Wings In Orbit – Wayne Hale Interview

In an interview with NASASpaceflight.com, former Space Shuttle Program (SSP) manager Wayne Hale spoke about the upcoming book on the history of the Shuttle, “Wings In Orbit,” his role in the project, and about what he is doing today. “Wings In Orbit: Scientific and Engineering Legacies of the Space Shuttle” is due to go on sale next month.

Wayne Hale Interview:

Q: How did you get involved in the book? Were you involved at its inception?

Mr Hale: A lot of people had the idea that we should do something to document the Shuttle program — I’m talking about after the President’s [George W. Bush] speech in January, 2004, where he announced we’re going to end the Shuttle program.

Many of us had been working on the Shuttle program for our entire career at the agency, and there was a lot of talk about how do we capture the knowledge. We have a knowledge capture office, people are supposed to write down lessons that they’ve learned — design, test, and operations — things that go into the next program. I have one of the books from Apollo that’s along those lines, it’s fascinating. And these days it’s all got to be electronic — everybody wants to build a database, put it in some kind of relational database so you can search it — and that’s good and there are people doing that. But that’s not going to talk to the public.

Also, many of us in the program feel like we’ve been beaten up quite a bit, because it didn’t ever achieve the goals that way back in 1971 and 1972 people had thrown around as what we ought to do with a resuable spacecraft. And that’s always held up — ‘it’s never been economical.’ So I said let us write down what we really did and then let people judge whether it was worth it or not.

And so when I was program manager we had some informal discussions, myself and a few other folks, and we said in addition to doing these formal engineering knowledge capture kind of things, let’s write a book for the public that we could get published through the Government Printing Office.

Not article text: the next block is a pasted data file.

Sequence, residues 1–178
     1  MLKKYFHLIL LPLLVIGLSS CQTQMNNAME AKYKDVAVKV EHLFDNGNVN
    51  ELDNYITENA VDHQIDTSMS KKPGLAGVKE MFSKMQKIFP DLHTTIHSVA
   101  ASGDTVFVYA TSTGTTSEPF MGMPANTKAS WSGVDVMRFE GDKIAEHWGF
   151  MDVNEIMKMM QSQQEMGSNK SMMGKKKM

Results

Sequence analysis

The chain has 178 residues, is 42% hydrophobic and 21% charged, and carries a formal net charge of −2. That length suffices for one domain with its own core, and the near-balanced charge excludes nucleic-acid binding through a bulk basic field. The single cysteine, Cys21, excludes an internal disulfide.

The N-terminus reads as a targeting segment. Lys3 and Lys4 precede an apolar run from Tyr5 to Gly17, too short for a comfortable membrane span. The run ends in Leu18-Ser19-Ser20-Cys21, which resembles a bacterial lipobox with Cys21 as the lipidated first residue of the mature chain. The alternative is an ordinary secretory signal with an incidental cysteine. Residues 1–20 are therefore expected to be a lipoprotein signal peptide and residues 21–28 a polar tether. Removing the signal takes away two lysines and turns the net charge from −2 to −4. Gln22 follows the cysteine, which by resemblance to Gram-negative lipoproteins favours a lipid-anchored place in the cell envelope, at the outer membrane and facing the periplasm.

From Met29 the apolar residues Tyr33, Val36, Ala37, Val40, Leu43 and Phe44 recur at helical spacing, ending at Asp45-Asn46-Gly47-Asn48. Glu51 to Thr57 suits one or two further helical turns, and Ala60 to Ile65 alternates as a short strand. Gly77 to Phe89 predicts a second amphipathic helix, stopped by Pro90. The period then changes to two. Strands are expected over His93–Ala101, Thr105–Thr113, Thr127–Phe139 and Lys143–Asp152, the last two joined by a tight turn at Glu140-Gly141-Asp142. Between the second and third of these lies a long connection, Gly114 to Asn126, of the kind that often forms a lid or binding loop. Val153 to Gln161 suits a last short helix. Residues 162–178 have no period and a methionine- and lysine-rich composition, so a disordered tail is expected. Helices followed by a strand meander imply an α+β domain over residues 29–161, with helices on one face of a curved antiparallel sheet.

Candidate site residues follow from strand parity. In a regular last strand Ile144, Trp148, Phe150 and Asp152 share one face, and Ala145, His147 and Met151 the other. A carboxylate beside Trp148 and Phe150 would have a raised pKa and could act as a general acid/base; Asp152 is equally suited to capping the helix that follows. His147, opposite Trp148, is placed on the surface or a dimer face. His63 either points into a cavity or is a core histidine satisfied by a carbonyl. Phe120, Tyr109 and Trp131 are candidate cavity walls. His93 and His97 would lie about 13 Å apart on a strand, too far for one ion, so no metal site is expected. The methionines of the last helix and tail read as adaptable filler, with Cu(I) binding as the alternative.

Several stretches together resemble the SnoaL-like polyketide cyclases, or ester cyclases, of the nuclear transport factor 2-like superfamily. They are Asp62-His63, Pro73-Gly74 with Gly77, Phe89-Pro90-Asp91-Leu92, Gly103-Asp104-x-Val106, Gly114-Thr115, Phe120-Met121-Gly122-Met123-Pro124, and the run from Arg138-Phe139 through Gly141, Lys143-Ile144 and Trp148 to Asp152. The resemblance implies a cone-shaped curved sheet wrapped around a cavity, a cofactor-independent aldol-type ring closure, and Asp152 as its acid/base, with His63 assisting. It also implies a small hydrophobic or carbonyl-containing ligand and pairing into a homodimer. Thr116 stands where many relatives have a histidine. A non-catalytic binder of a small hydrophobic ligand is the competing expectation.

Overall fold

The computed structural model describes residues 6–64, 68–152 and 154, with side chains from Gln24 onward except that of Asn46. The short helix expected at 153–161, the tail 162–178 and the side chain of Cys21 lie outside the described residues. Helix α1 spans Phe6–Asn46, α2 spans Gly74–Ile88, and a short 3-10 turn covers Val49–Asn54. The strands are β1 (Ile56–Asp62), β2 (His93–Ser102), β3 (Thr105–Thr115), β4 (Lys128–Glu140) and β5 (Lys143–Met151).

There are plenty of books out there in the history series where they talk about Apollo or the Great Observatories, any number of books. JPL has got a lot of books on a lot of their missions — one of my favorites is the Viking book, where they talk about how they developed it and what it did.

So I said why don’t we write a history book and being program manager I had the latitude and a little bit discretionary money, but even more than that we could get people. And we said we’re not going to give you a task, but in your spare time, could you write an article on how this happened on the Shuttle or that happened on the Shuttle. We talked to a bunch of retirees and a lot of people volunteered their services. So it’s kind of a labor of love.

So over the past four years, five years, it’s slowly been coming together and because…we were always aiming to have it done at the end of the program, so we knew the deadline was about in the 2010, 2011 timeframe, that was the schedule we were working toward — people were doing it almost as a volunteer effort.

The only thing we really paid for was some of the professional graphics, we had to hire a professional indexer — if you’re going to do a serious book, you have to do some things like that. So I was able to get that started and provide a little dab of money for it. Some other organizations — the history organization — provided a little bit of money to pay for those kinds of things.